March 1, 2014

Top 5 Things to Know About Accidental Addiction. ~ Ruschelle Smiroldo-Khanna

Photo: veo_

I am not an addict. I don’t feel like one. How did I get here?

I must have asked myself this a million times. This was one hellish year…one that many people, other than my husband, never knew that I experienced. I don’t remember the exact moment that I realized I was addicted to Klonopin.

I remember the night I had a seizure.

I remember the drastic weight loss and slurred speech. I remember trips to the emergency room and the inability to go to my job. I remember feeling horrified. I think that’s all I need to remember.

I have been an addictions therapist and administrator for ten years. One might ask how it is possible that someone working in addictions could become “accidentally” addicted to sleep medications prescribed by their doctor. I asked myself that question over and over throughout the process of tapering off of those medications. The reality was that when it came to my desperation to sleep, I really had tried everything. I was so tired, stressed and disoriented, that I turned to a physician for answers. That was the worst decision of my life.

But it wasn’t the decision to see a physician that was the problem. It was which physician. You see, my mistake was choosing a physician who believed in the outdated model of prescribing benzodiazepines [psychoactive drugs] like Valium, Xanax, and Klonopin to cure any symptoms that resembled an anxious state.

Fast forward three years later. I am self-healed and happy. I have learned a few very powerful lessons. The most important was that I am responsible for my health. No one knows my body better than I do.

My story is all too common. Every year, millions of Americans are prescribed medications for anxiety and sleep only to discover they are physically dependent. The majority of these are women. Many don’t know where to turn if they want to stop. Worse, many are told they will never be capable of living a life without them.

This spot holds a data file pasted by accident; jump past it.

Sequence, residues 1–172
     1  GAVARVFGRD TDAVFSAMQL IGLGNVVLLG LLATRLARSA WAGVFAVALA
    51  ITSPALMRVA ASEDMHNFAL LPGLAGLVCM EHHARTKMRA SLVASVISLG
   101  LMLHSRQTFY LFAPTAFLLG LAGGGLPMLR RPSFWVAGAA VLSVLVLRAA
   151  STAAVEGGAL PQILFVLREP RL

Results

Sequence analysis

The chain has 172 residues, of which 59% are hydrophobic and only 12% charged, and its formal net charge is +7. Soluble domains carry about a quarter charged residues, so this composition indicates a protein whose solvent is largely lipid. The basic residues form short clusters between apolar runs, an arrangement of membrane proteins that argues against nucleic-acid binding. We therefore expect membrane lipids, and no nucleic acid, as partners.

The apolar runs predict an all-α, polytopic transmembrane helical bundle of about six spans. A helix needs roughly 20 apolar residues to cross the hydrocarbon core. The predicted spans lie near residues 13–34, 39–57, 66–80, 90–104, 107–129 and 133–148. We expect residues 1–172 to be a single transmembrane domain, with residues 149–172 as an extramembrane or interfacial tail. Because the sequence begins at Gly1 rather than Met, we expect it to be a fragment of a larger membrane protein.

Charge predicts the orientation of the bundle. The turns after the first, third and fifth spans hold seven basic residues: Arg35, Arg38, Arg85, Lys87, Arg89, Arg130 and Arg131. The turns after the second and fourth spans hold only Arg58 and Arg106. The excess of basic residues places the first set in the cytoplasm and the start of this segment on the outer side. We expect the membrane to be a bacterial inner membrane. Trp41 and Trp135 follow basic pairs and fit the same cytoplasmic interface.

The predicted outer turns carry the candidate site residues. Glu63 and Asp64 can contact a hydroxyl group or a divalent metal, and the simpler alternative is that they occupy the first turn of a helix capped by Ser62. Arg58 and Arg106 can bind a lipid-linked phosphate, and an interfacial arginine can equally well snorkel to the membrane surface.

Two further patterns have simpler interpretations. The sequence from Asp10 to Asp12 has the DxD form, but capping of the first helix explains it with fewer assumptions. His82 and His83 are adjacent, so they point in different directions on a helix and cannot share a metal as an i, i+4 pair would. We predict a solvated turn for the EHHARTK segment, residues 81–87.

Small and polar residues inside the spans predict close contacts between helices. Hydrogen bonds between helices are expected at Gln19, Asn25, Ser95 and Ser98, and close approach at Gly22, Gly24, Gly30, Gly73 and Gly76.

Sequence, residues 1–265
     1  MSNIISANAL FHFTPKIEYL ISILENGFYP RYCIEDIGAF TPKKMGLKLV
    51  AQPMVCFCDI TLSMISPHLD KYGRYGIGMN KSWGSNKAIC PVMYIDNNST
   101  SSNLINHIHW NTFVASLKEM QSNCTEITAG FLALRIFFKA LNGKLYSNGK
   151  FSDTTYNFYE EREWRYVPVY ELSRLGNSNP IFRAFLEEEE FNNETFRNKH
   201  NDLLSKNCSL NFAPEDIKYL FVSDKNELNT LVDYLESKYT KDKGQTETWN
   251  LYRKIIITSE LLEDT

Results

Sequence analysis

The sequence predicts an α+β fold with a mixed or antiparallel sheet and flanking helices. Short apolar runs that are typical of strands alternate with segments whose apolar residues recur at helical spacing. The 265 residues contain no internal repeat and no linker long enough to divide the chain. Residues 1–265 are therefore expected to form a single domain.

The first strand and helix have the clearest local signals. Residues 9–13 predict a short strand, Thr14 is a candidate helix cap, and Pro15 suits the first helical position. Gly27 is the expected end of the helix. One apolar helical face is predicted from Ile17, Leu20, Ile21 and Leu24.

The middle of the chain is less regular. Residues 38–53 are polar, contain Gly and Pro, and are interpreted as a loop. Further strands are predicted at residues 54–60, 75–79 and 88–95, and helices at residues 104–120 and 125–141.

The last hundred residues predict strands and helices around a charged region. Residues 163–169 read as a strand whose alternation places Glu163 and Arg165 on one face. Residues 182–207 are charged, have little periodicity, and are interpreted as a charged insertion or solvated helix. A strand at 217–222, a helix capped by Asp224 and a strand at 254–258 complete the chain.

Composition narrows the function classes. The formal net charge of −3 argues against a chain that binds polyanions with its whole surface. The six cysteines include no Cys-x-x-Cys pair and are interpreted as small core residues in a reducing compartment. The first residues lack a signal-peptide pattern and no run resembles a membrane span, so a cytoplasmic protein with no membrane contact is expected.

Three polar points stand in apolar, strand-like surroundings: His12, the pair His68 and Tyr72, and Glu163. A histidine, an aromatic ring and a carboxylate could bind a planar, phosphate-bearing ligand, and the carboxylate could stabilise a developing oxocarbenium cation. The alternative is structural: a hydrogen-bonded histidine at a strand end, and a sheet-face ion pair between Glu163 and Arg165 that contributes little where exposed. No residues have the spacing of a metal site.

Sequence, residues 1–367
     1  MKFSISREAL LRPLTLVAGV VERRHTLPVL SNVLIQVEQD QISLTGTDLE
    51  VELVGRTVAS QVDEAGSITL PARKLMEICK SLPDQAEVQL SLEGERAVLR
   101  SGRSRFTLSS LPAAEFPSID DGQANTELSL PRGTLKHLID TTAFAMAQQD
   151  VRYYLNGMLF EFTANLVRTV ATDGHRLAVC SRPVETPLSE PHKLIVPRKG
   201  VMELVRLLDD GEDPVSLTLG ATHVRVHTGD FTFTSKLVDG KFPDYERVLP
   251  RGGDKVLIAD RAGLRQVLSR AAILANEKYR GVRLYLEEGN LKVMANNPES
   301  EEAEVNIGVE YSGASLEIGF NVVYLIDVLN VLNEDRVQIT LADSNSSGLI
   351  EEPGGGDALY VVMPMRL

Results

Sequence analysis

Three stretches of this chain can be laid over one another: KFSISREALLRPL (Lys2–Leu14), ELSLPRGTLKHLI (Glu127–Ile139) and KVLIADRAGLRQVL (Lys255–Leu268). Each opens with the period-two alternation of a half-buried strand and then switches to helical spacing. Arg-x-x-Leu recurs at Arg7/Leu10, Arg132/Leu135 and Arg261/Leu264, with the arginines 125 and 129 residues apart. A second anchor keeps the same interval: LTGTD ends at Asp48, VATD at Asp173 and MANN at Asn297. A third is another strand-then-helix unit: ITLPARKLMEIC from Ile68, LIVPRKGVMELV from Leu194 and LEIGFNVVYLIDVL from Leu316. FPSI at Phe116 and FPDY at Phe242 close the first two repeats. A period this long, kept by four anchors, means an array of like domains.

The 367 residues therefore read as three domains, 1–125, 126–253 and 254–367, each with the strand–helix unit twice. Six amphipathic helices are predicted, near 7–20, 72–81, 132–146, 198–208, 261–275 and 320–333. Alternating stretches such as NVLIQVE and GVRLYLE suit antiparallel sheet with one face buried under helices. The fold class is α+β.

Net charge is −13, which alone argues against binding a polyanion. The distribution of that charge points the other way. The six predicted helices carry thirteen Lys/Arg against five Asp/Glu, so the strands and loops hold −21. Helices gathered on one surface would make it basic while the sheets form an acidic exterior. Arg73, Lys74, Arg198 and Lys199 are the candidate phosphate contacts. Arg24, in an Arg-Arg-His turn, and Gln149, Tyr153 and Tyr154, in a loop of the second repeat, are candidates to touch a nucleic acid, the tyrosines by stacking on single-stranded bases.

This is false.

The truth is that there is a growing interest in the fields of psychotherapy, functional medicine, and naturopathy to cure chronic mental health conditions—including anxiety. Medications which were always intended to be used in the short term are not necessary for common conditions such as insomnia. In the process of speaking to these professionals, one will be much more likely to find quality information about living a pharmaceutical-free life.

My year-long taper away from benzodiazepines was frightening and, at times, overwhelming. But that process does not have to be. As a patient and a provider, I want to share my tips for staying sane while regaining health:

1. Patience is key.  

Tapering from medications is a slow process. Basic nutritional deficiencies need to be addressed before the process even begins. Finding a great nutritionist, physician, and therapist will make the process much smoother.

2. Knowledge is power.

The only catch is that one might not find this at his or her primary care or psychiatric office. One will need to seek out preventive and functional physicians as well as psychotherapists who specialize in this area. Support groups  can offer a ton of information. There are even groups on Facebook that can be beneficial.

3. Life Can Be Normal.

All those weird side effects like dizziness, slurred speech, twitches, and brain fog can go away with time.  Remember, your body has gone through a pretty big shock and it will take time to get back to full function.

4. Pamper Your Body.

Now is the time to try all sorts of natural body treatments one might not otherwise try. There are so many to choose from, including acupuncture, cupping, Reiki, massage, and gentle exercises like yoga and tai chi. Remember that you are completely worth it.

5. Breathe Deep and Practice Forgiveness.

As your body starts to heal, there will be plenty of time to work through any anger and frustration about being sick. By practicing breathing techniques integrated with forgiveness, stress is reduced, allowing healing to take place more quickly.


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Editor: Jenna Penielle Lyons

Photo: elephant archives


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Ruschelle Smiroldo-Khanna